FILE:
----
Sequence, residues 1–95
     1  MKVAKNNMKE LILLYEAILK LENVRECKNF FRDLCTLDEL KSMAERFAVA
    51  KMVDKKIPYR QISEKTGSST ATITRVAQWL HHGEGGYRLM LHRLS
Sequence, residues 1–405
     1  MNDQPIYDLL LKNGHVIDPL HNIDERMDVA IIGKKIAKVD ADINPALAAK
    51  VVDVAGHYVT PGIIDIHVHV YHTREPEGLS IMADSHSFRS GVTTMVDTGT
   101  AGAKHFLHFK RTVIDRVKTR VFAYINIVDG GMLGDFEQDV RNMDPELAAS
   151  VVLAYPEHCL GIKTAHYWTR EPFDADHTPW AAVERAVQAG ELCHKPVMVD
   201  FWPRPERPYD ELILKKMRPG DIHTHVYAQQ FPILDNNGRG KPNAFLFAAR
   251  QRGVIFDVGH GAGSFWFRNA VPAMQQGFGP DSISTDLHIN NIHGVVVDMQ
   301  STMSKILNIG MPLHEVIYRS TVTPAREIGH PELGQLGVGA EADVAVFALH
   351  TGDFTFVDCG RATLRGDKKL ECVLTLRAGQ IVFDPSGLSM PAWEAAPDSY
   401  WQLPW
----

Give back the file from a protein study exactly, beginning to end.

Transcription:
Sequence, residues 1–95
     1  MKVAKNNMKE LILLYEAILK LENVRECKNF FRDLCTLDEL KSMAERFAVA
    51  KMVDKKIPYR QISEKTGSST ATITRVAQWL HHGEGGYRLM LHRLS
Sequence, residues 1–405
     1  MNDQPIYDLL LKNGHVIDPL HNIDERMDVA IIGKKIAKVD ADINPALAAK
    51  VVDVAGHYVT PGIIDIHVHV YHTREPEGLS IMADSHSFRS GVTTMVDTGT
   101  AGAKHFLHFK RTVIDRVKTR VFAYINIVDG GMLGDFEQDV RNMDPELAAS
   151  VVLAYPEHCL GIKTAHYWTR EPFDADHTPW AAVERAVQAG ELCHKPVMVD
   201  FWPRPERPYD ELILKKMRPG DIHTHVYAQQ FPILDNNGRG KPNAFLFAAR
   251  QRGVIFDVGH GAGSFWFRNA VPAMQQGFGP DSISTDLHIN NIHGVVVDMQ
   301  STMSKILNIG MPLHEVIYRS TVTPAREIGH PELGQLGVGA EADVAVFALH
   351  TGDFTFVDCG RATLRGDKKL ECVLTLRAGQ IVFDPSGLSM PAWEAAPDSY
   401  WQLPW